UNHCR: Best Remedy for Sea Migrations Is Tackling Root Causes

UNHCR has warned that the international community was losing its focus on saving lives amid confusion among coastal nations and regional blocs over how to respond to the growing number of people making risky sea journeys in search of asylum or migration.

High Commissioner for Refugees António Guterres said some governments are increasingly seeing keeping foreigners out as being a higher priority than upholding asylum.

“This is a mistake, and precisely the wrong reaction for an era in which record numbers of people are fleeing wars,” Guterres said. “Security and immigration management are concerns for any country, but policies must be designed in a way that human lives do not end up becoming collateral damage.”

Guterres said that by focusing on isolated elements to a problem that by its nature is multi-layered and trans-national – often involving routes that stretch across multiple borders and over thousands of kilometres – governments were finding themselves unable to either stem the flow or stop people dying along the journey.

“You can’t stop a person who is fleeing for their life by deterrence, without escalating the dangers even more,” said Guterres. “The real root causes have to be addressed, and this means looking at why people are fleeing, what prevents them from seeking asylum by safer means, and what can be done to crack down on the criminal networks who prosper from this, while at the same time protecting their victims. It also means having proper systems to deal with arrivals and distinguish real refugees from those who are not.”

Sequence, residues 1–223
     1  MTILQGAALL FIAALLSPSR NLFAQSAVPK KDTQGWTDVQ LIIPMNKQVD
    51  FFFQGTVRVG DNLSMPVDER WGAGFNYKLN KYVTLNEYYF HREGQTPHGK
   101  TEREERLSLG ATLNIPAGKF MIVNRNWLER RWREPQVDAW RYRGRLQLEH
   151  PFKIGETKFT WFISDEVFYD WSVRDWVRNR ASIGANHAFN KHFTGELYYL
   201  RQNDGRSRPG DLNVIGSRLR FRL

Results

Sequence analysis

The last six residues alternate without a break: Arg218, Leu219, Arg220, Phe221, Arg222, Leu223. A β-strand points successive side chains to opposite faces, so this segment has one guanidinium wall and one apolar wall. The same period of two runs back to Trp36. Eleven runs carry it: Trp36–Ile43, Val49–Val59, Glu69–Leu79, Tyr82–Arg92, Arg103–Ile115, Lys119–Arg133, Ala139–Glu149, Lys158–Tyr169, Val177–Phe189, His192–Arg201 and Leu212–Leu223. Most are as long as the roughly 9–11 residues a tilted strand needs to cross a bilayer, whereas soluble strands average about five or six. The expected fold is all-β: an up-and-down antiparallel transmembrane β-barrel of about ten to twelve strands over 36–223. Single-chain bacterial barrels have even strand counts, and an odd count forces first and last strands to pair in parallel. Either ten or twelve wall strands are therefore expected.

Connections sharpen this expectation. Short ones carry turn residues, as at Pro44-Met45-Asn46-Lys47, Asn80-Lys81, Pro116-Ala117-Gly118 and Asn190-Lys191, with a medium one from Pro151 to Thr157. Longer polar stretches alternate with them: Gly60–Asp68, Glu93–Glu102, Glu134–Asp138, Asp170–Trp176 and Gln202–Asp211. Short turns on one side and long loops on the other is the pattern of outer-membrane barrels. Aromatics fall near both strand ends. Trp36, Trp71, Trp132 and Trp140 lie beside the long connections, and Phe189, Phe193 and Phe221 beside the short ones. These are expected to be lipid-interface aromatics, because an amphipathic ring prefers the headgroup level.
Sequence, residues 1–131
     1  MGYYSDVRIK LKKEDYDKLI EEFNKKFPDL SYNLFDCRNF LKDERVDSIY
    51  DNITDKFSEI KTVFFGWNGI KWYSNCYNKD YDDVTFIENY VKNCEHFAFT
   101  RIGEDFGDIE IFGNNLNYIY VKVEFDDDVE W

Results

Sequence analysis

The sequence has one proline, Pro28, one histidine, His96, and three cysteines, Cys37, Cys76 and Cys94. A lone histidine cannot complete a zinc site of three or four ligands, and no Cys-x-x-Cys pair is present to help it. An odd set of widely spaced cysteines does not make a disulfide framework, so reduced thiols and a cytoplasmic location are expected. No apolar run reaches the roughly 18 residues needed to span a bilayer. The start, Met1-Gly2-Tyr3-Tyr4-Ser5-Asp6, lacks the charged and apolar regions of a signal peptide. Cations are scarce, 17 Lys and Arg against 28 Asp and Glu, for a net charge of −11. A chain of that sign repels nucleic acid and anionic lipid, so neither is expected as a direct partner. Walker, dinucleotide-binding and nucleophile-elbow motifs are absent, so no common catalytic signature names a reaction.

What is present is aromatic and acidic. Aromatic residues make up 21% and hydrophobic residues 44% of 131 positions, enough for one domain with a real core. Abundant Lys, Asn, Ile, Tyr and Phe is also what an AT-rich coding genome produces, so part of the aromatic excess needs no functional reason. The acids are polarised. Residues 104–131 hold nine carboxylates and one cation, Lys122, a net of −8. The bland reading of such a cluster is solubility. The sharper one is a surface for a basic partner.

The clandestine nature of these sea crossings makes reliable comparisons with previous years difficult, but available data points to 2014 being a record high. According to estimates from coastal authorities and information from confirmed interdictions and other monitoring, at least 348,000 people have risked such journeys worldwide since the start of January. Historically, a principal driver has been migration, but in in 2014 the number of asylum seekers involved has grown.

Worldwide, UNHCR has received information of 4,272 reported deaths this year. Some 3,419 of these have been on the Mediterranean – making it the deadliest route of all. In Southeast Asia, it’s estimated that 540 people have died in their attempts to cross the Bay of Bengal. In the Red Sea and Gulf of Aden, at least 242 lives have been lost as of December 8, while in the Caribbean the reported number of dead or missing as of the start of December was 71. People smuggling networks are meanwhile flourishing, operating with impunity in areas of instability or conflict, and profiting from human cargoes that are driven by desperation.